Reportages: Brazil: #GLITTERTERRORISM
In a final scene one of the most awarded feature documentary films in Brazilian history, Dzi Croquettes, Maxim, a member of the avant grade theatrical troupe as he tells the co-director of the film, Tatiana Issa, who also happens to be his daughter, as he is dying of AIDS, "Gays don't die, they turn into glitter."
The documentary not only follows the lives of group of 13 male artists breaking all social taboos paving the way for the nascent Brazilian gay rights but was formed during the country's most terrifying state-terrorism draconian dictatorship of the 1960s.
Today once again, faced with flagrant injustices, plummeting inflation and transpiring corruption. Brazilians take to the streets. Once again, all causes come together in protest .
This mixture to the activists and artists from all political walks, including indigenous rights groups as well gay right advocates. The culture of glitter has resurfaced in Brazil, and it's implications are limitless. Whether inspired by similar movements worldwide or by popular internet phenomenon known as glitter bombing. Born in the US, glitter bombing is an act of protest in which an activist or a group throw glitter on a celebrity. Althought the motivation may vary, University of Colorado-Boulder student Peter Smith, faced up to six months in jail and a 1000$ fine for the alleged glitter bombing of the presidential candidate Mitt Romney at a campaign event, in 2012. This was in his own words to bring attention to Romney's opposition to same-sex marriage.
Perceived as less confrontational than pouring red paint of fur coats as a means of activism to bring attention to animal rights, glitter is ephemeral. Or is it? Whether spilled on the red carpet or the inside of a police car, glitter stays. Perhaps even for weeks, as a pleasant reminder of an issue that won't go away either.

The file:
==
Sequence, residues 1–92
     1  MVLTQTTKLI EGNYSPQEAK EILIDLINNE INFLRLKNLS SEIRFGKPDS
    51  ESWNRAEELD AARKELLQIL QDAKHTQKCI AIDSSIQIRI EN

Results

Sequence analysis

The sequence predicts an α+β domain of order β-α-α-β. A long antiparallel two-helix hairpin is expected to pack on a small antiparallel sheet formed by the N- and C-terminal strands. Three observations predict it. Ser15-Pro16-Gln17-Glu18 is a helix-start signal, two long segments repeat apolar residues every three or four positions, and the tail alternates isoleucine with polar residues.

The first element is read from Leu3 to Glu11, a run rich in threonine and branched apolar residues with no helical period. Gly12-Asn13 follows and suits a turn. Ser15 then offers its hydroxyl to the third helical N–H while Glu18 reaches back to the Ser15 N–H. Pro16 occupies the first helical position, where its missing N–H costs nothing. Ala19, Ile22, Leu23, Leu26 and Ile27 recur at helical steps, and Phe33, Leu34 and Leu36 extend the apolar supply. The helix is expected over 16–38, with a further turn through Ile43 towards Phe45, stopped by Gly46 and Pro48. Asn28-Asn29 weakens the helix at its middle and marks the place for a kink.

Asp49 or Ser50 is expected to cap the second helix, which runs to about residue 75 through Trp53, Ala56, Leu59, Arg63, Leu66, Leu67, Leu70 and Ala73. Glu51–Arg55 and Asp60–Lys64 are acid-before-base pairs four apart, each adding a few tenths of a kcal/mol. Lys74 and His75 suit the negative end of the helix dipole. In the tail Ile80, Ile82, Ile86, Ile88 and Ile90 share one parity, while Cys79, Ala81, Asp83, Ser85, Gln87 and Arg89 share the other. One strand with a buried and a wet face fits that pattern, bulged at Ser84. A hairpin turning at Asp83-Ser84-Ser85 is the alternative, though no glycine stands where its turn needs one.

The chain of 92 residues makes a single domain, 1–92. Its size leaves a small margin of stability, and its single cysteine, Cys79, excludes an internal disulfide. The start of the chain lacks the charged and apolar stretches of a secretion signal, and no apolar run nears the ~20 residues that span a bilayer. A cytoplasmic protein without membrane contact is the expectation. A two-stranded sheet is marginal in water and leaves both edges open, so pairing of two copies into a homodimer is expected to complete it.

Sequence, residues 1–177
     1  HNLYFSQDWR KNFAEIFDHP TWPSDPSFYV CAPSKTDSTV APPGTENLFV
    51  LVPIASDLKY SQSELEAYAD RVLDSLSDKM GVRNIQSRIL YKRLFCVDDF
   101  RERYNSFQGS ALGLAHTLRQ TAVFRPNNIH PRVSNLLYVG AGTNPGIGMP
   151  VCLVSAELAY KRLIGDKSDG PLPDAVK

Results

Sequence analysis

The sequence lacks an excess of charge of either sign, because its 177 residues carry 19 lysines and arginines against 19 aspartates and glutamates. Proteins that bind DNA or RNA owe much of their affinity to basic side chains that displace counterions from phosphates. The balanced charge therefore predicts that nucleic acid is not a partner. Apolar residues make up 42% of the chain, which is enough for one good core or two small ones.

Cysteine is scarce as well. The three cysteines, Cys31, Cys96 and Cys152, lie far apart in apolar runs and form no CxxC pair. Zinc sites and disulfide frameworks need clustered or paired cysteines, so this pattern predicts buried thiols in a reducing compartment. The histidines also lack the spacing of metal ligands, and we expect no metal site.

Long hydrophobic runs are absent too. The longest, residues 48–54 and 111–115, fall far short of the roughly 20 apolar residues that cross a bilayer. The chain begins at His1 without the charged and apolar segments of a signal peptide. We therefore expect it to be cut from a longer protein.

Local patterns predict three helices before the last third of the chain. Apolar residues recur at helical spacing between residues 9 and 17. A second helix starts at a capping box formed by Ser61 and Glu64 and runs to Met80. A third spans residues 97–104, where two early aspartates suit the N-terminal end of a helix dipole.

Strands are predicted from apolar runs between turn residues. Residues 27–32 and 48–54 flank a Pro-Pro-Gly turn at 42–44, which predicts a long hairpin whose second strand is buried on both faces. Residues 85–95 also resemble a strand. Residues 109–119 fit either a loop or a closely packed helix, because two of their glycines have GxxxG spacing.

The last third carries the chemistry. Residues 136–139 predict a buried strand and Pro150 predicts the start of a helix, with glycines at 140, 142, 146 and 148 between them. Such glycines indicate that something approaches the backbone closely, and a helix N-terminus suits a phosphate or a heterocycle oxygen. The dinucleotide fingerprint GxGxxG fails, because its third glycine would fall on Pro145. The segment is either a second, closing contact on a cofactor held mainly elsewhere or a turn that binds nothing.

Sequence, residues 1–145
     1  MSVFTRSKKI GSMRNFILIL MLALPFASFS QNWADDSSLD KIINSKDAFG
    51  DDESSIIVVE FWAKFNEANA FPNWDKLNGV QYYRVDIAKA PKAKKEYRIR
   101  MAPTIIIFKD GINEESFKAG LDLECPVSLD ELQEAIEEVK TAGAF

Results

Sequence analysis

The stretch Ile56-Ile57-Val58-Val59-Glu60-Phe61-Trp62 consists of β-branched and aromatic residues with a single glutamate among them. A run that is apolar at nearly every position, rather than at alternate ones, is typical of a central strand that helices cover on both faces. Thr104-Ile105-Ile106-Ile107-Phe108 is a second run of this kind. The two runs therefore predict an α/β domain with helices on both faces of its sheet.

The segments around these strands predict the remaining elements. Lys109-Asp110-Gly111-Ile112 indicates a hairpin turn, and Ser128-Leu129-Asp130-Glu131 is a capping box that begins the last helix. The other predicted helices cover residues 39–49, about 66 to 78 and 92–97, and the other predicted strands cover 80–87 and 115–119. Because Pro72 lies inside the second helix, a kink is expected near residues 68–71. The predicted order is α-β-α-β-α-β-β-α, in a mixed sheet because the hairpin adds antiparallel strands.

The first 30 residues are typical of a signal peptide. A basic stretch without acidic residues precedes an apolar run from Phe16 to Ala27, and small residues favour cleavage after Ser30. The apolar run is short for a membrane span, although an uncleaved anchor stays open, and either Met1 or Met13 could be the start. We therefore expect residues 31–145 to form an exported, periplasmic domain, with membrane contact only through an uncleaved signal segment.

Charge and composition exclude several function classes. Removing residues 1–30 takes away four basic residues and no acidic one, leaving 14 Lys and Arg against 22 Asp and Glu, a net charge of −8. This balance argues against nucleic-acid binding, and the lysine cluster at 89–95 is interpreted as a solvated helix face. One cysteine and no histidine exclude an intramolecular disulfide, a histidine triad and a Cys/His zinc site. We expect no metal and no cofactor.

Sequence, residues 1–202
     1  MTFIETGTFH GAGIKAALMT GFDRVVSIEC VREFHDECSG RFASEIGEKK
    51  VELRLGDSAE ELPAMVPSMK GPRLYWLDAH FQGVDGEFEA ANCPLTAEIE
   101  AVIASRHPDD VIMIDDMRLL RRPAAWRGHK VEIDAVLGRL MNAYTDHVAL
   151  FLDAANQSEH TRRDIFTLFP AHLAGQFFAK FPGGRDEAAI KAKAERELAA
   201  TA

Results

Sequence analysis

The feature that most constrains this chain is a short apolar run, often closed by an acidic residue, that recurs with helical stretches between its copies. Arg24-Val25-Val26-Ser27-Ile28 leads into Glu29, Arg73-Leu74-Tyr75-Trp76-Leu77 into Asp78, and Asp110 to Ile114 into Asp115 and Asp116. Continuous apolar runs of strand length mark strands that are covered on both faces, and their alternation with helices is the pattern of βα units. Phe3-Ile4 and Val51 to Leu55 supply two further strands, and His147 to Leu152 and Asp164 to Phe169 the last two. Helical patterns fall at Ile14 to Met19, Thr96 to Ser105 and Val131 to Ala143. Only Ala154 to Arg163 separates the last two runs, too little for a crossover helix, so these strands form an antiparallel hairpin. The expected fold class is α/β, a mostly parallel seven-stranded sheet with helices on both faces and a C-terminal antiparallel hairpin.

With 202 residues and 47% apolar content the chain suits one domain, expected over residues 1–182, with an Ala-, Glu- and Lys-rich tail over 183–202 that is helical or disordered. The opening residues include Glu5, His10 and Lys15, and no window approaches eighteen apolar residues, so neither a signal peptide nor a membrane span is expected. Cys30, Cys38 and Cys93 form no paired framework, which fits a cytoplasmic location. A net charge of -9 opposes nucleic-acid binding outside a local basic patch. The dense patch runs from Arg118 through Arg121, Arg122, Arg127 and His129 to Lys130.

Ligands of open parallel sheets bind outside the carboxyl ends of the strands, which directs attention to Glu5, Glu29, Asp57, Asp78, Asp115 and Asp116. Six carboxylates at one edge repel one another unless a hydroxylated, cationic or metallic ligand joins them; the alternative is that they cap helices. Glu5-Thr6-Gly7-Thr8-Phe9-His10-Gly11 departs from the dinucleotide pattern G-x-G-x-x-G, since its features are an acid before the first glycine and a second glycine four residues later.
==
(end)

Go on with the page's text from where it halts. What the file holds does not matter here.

To some this constitutes an assault. Glitter bomb would be vandalism and to another extent, terrorism. For others simpling calling it "glittering" with hopes to de-emphasize it's violent over tones..
Born during the carnival in 2013 a small group of artists collective (especially gay women) known as "glitter terrorists" following the tradition of performance art use glitter not only as an act of defiance or provocation but simply to express one's creativity.
" Glitter is a social class." Raisa Carlos de Andrade, 25, hairstylist and makeup artist who begun incorporated the glitter in her work and life a year ago, tell the online tabloid in May 2014, "It is the cheapest way to be beautiful ". In a society divided by class, races and now gender, glitter culture is alive and well in Rio de Janeiro.
Used by young artists and activists alike during general strikes, artistic interventions, occupy movements nor now popular street parties or blocos, glitter has slowly been becoming a craze. Sold in "fantasy" or costume stores. Glitter is available in this city know for it's carnival.
During the Pope's visit on June of 2013, various of these types of protests or street parties - blocos occured such as Bikini bloco and the slut walk illustrated in these images.